According to Experian, there are two steps you can take if your utility accounts are not being recognized by its Boost program. But don’t ignore other ways to add positive data to your credit report and boost your score.
Dear Keeping Score,
I’ve been trying to use Experian Boost to boost my credit score; however, it doesn’t recognize my Internet or telephone company provider. I’ve contacted Experian Boost, but no luck in my credit score boost as a result. What should I do now to get my credit score boost up? –Santana
I am a fan of the Experian Boost program, but like all new programs there are likely to be wrinkles to iron out.
Boost allows consumers who don’t have a credit card or who have a thin credit file to add positive data to their credit profile if they have a record of paying utility and phone bills on time. Basically, you give Experian permission to access your bank information and they pick up the positive payment data. This data is then used in figuring your credit score. Both FICO and VantageScore consider this data.
We contacted Experian to find out what a consumer can do if his utility accounts are not recognized by Boost. Company spokesman Greg Young said in an e-mail there are two steps you can take.
If your utility bill is not identified, Boost will take you through a question-and-answer session that helps determine if the bill is eligible, Young said.
“For example, the individual may not have made three payments to the account in question in the last six months,” he said. “Also, sometimes a municipality is the payee and the bills or payments may not be recognized because they can’t be distinguished from other payments to that municipality,” such as trash, water or traffic tickets.
Based on your answers, you’ll get an explanation as to why the account is not eligible and you’ll be taken to a page where you can submit the account to Experian.
Young also noted that after you connect your bank account to Experian Boost, you’re taken back to its main page, which features a feedback module. The module provides three options, including “some of my bills didn’t show up.”
“Selecting that option brings up language that asks if their bill is qualified, providing information to help the individual make that determination,” Young said. “If the individual believes the bill qualifies, there is a ‘my bills qualify’ button that leads to a form where the account information can be submitted to Experian.”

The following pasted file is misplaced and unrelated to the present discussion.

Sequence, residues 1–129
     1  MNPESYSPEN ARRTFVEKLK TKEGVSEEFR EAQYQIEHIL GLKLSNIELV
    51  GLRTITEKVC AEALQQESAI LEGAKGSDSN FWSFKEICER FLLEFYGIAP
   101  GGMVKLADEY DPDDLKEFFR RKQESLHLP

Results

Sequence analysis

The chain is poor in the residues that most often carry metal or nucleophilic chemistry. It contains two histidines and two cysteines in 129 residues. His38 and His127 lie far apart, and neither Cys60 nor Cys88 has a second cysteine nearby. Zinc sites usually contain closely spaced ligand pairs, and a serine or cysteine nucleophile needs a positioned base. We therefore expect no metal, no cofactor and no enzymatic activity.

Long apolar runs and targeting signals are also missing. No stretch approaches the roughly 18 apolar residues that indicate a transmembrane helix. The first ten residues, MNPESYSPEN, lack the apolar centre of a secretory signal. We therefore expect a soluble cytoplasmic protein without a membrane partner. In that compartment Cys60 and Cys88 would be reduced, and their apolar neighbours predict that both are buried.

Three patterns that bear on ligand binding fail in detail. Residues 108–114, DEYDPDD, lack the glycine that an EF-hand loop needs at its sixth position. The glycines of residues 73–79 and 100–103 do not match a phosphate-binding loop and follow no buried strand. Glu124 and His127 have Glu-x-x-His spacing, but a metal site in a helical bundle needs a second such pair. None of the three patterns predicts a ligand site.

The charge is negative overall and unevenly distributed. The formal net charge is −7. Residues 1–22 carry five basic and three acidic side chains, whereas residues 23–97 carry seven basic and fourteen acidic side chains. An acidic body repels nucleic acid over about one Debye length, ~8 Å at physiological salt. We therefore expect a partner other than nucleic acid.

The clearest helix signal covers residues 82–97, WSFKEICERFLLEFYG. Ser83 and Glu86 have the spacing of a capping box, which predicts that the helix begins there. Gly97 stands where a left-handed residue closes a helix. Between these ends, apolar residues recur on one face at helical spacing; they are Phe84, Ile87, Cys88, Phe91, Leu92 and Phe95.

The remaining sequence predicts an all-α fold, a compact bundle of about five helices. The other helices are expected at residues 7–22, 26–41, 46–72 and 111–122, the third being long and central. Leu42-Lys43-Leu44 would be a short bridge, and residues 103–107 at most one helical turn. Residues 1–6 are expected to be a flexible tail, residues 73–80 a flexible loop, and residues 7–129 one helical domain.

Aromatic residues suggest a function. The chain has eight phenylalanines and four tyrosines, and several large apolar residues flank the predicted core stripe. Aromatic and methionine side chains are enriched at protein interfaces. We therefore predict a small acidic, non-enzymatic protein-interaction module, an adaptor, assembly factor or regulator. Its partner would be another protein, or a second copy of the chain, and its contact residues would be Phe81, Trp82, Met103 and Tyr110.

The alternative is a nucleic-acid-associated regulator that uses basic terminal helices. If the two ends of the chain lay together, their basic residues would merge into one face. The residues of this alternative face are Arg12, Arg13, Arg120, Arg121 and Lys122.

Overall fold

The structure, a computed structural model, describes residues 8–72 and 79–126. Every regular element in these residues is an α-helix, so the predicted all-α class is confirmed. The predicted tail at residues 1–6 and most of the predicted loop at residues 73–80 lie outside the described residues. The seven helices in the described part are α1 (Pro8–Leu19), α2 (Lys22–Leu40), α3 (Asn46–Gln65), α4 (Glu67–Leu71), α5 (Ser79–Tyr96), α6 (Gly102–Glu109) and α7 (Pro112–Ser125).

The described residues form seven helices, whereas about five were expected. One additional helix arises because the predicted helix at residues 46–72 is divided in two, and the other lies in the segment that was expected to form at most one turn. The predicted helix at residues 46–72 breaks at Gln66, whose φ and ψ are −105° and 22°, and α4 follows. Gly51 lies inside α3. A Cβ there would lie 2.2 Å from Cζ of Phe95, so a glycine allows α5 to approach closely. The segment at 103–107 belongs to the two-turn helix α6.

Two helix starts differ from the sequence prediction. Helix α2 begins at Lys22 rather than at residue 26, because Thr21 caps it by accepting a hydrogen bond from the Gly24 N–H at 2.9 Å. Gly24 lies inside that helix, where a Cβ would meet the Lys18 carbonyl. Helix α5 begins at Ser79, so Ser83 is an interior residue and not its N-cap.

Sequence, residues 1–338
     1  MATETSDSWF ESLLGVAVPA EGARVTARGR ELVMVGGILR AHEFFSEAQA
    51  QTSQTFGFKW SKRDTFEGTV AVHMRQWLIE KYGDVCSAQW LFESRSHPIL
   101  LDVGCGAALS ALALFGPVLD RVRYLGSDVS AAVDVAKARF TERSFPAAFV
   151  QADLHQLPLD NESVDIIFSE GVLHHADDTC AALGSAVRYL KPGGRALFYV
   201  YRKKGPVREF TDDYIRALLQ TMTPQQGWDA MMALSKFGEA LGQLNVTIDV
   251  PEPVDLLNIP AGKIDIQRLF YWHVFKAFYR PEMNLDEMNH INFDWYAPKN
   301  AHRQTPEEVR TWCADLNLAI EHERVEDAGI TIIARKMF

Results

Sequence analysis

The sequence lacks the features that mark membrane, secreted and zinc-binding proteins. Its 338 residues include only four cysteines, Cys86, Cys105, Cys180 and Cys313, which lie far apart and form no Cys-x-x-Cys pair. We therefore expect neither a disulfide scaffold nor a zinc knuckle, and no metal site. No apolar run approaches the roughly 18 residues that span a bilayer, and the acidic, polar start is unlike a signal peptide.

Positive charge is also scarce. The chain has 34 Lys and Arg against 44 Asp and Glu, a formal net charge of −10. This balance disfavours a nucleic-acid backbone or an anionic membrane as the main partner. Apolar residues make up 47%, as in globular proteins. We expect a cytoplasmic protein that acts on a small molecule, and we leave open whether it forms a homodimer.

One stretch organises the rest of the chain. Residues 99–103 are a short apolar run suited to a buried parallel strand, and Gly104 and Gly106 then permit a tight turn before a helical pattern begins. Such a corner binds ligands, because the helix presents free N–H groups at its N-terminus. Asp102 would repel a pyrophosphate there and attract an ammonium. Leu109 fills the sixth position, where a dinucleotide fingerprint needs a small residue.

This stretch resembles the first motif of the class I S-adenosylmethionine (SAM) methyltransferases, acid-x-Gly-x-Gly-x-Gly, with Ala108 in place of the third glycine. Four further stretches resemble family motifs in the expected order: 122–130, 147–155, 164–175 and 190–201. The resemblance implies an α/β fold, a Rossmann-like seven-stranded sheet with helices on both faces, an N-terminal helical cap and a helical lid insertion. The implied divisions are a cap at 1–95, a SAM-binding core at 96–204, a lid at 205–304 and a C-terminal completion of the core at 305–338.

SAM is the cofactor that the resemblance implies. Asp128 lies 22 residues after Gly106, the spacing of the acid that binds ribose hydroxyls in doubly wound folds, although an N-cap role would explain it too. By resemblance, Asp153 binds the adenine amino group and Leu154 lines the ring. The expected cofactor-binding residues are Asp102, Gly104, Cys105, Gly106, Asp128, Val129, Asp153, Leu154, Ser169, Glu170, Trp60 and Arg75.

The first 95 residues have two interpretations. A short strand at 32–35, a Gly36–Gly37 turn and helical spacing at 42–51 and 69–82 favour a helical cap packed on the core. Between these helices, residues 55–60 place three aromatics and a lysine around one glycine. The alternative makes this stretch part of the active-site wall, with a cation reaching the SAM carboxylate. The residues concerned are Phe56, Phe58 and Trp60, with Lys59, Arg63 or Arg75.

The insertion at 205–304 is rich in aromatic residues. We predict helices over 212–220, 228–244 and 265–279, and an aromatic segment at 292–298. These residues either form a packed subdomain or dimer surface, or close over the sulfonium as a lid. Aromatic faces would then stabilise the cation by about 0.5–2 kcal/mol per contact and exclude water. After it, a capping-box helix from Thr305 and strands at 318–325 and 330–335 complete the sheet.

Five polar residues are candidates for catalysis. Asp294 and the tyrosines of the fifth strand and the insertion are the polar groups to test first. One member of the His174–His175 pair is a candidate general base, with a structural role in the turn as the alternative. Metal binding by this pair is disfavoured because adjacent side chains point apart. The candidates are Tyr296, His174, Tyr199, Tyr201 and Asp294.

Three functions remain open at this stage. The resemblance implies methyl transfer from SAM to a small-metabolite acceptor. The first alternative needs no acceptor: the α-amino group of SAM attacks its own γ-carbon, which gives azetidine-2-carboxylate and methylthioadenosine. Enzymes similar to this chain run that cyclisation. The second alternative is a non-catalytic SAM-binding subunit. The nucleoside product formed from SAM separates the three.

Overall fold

Experian Boost is not the only option if you’re thin on credit data
The good news is Experian Boost is not the only option for you – or for anyone – to boost your credit score.
I suspect you may be one of those people with a thin credit file. What that means is that you may be the most responsible person on the planet with your money, but if your money habits don’t include something that the credit reporting agencies can track, your credit score will not necessarily reflect this good behavior. Without adequate data to input into their systems, there is simply not enough there to generate a great score.
There are several ways to add data to your credit report and increase your score. Here are a few:
- UltraFICO. This is another free offering that allows you to have checking, savings and money market account data considered in your credit score.
- Overdraft line of credit. If you have a checking account, you may want to add protection against overdrafts. Essentially an unsecured line of credit, this feature comes into play automatically if a check is presented for more money than you have in your account. Instead of bouncing the check, the account draws on the LOC to pay the check. This LOC is also reported to the bureaus. The beauty is that you don’t need to incur any debt to get some positive reporting data.
- Review and correct errors. Did you know that about 25 percent of credit reports contain errors? This is no big surprise as there are billions of pieces of data hitting credit files daily, so some is bound to be misplaced. Review your credit reports at AnnualCreditReport.com for free and dispute any errors or out of date items you find.
- Lastly, if you are a homeowner, add a home equity line of credit. Like the LOC above, this gets reported whether you draw it down or not. But be careful of fees.
Keep in mind the five credit scoring factors
Credit scores are built on five factors, which I have discussed in this column many times. Here are some quick tips addressing each scoring category:
- Payment history. Pay all of your bills on time. Pay before the bill is due. Pay in full.
- Credit utilization. Try not to have a balances of more than 25 percent of your credit limits. The best scorers average 7 percent utilization, according to FICO, but paying your balances in full every month is ideal.
- Credit history. If you’re young or have a thin file there isn’t much you can do. However, if you are added as an authorized user to an account with a long and positive history, you can extend your history overnight.
- Credit mix. This refers to the types of accounts you have. Add a line of credit, a furniture installment loan and maybe your next car purchase to get a boost. If you don’t already own a home and are planning on buying one in the near future, your mortgage should help you in this category.
- New credit. This may sound like a catch-22, but adding new credit will drop your score … at first. But then it will raise it as positive new data flows into your account (including more overall available credit and your on-time payments). So, take one step backwards to get a bunch going forward.
I hope that you are able to work out the problems with Experian Boost, but doing some of the things I suggested above will be good for your score in the meantime. I would love to hear from you again if you are able to get it worked out with the Boost program.
Remember to keep track of your score!